Opinions matter. Public opinions, your opinions, matter — perhaps now more than ever. With governments at federal and provincial levels apparently intent on controlling and minimizing the public’s access to information on public policy, people are taking to print and the Internet more and more to tell us what they think.
And that’s a good thing.
It’s why this page you’re reading exists.
It’s why we’ve expanded our Letters to the Editor section and why on stories on our website, there’s a place where readers can post and share opinions.
And people are taking the opportunity to have their say. We get dozens of letters to the editor each week and hundreds of online comments posted every day.
Some things you agree with; some you don’t.
And that’s good, too.
An idle minute spent surfing the Internet reveals buckets of opinions on opinion.
Mark Twain once said, “The public is the only critic whose opinion is worth anything at all.”
Winston Churchill quipped: “There is no such thing as public opinion. There is only published opinion.”
Those were their opinions — feel free to disagree.
And that’s the point.
But while opinion matters, and while you have a fundamental right to express yours, there are responsibilities, too.
Unfortunately, those responsibilities can get lost amid the freedom and ease the Internet has granted people to express themselves.
This newspaper often gets criticized by readers for not posting the web comments they made on a story on our website or for not printing a particular letter to the editor.
We’re accused of censorship, partisanship, bias, of denying this or that person their right to freely express their opinion.
Here’s another quote: “I do not agree with what you have to say, but I'll defend to the death your right to say it.” — Voltaire.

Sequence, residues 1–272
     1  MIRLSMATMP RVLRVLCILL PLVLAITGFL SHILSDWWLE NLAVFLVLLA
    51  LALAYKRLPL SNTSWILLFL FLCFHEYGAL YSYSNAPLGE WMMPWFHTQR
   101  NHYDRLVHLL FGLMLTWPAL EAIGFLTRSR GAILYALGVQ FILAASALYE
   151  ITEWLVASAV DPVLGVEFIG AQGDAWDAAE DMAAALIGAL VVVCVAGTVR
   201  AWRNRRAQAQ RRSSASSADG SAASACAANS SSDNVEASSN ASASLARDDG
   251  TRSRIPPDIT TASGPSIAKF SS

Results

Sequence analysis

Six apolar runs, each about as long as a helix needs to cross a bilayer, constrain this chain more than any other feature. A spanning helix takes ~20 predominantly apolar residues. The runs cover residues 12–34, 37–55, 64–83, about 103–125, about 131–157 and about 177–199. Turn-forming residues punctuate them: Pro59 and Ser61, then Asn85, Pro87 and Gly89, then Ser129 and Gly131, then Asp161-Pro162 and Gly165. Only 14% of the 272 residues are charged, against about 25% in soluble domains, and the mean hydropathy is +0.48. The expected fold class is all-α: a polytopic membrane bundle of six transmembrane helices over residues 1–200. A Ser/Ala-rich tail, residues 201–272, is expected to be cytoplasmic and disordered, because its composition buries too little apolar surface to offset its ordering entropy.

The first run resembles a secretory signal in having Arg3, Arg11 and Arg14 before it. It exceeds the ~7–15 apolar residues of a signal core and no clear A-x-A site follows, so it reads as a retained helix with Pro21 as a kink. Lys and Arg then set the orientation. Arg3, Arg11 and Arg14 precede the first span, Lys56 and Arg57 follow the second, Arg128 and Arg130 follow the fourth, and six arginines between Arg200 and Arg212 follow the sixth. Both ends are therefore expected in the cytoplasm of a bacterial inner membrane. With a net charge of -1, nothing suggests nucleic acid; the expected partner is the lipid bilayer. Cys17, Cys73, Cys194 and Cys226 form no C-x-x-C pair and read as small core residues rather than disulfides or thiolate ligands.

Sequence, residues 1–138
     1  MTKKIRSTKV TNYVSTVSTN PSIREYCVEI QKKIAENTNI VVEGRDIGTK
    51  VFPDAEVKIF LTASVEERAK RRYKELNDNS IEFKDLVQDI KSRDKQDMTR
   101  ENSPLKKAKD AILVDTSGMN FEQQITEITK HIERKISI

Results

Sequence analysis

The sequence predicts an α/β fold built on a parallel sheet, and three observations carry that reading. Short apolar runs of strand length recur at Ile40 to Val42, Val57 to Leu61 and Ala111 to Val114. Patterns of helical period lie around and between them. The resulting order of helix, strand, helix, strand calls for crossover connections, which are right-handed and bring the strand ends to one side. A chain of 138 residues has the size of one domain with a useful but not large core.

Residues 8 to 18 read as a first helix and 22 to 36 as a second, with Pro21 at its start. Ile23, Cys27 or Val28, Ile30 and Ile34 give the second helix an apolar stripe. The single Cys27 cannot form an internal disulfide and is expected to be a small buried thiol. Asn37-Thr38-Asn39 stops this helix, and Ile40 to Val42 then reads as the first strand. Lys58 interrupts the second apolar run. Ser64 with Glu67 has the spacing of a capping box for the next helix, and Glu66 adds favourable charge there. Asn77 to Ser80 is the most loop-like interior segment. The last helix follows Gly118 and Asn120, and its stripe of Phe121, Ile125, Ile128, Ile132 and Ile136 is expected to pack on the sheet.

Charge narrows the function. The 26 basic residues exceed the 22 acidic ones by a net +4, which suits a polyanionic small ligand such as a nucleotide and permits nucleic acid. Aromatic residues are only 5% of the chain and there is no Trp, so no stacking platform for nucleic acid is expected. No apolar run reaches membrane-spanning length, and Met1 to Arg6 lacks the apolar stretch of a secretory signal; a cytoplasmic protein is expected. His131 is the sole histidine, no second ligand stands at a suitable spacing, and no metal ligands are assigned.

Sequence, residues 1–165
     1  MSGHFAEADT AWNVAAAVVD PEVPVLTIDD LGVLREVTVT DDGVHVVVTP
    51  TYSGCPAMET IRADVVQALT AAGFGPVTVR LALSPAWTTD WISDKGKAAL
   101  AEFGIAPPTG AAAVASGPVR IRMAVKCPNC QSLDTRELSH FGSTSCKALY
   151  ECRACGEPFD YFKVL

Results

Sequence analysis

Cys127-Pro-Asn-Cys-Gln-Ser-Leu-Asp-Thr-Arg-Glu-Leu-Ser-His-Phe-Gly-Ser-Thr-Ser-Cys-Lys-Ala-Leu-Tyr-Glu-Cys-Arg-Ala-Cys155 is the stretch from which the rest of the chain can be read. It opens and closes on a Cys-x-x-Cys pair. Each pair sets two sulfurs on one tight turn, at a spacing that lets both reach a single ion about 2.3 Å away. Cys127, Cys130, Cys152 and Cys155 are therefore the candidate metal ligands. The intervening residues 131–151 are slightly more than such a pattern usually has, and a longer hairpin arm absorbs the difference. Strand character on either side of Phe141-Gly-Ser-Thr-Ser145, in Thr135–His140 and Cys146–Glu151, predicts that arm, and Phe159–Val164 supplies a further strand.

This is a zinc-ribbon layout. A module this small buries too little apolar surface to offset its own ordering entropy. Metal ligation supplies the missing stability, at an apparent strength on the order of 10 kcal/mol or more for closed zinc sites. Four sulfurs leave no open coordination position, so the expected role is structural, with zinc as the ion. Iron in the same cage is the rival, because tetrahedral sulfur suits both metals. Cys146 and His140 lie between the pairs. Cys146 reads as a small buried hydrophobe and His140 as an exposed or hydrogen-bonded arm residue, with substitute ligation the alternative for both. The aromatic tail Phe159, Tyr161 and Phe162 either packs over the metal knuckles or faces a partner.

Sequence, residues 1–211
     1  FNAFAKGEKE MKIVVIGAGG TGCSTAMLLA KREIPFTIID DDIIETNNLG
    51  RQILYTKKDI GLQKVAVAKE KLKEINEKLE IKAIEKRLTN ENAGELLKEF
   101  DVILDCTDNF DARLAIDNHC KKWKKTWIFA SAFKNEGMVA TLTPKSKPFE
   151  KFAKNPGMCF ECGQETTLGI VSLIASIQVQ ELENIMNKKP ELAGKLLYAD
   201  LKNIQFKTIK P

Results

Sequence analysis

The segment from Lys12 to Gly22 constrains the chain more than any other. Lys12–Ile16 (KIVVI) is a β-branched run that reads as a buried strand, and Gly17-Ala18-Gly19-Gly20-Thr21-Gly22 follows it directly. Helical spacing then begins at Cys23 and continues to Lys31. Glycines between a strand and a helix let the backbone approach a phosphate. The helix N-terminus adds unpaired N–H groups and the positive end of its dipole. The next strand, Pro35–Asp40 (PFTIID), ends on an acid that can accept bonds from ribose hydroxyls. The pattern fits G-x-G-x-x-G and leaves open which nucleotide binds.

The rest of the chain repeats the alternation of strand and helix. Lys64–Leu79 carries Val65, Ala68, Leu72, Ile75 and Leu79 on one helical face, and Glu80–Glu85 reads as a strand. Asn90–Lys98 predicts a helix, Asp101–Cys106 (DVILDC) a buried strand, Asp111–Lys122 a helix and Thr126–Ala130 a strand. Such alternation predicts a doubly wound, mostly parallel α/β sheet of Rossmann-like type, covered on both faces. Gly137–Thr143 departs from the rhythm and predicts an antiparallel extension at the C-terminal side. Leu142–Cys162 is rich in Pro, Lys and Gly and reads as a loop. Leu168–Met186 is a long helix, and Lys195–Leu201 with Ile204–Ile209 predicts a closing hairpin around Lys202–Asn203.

We don’t deny people the right to express their opinions but we do recognize the responsibilities that go with that right.
We don’t often reject comments on our website — maybe a half-dozen out of the 100-plus we get each day. And almost without exception the reason for not publishing them is because they were defamatory or libellous or derogatory to such a degree as to render them unpublishable.
Read the fine print on our website: “We ask that users remain courteous. You may not post insulting, discriminatory or inappropriate content, which may be removed at our discretion.”
A recent cartoon by cartoonist/digital artist Patrick LaMontagne summed it up well — a visibly upset man sitting at a laptop asks, “When did it change to ‘If you can’t anything nice, just say it online.’”
That means you can’t call the freshly-arrested suspect in a robbery case a “crook” or a “criminal” until they have actually been convicted.
You can’t call someone an immoral a--hole, or pitch a racial slur at them just because you disagree with them.
And signing it “anonymous,” or using a pseudonym doesn’t change anything. Defamation is still defamation. A lawsuit is still a lawsuit. Comments on a media website are deemed to have been published, just like something in the newspaper.
Lots of people understand this, but we wish even more readers would remember the responsibility that goes with expressing their opinions.
Because we want your opinions. They matter, and we want to share them with others and get their opinions in response.
Your right to express your opinion is vital, so don’t waste it by giving us no choice but to hit the reject button.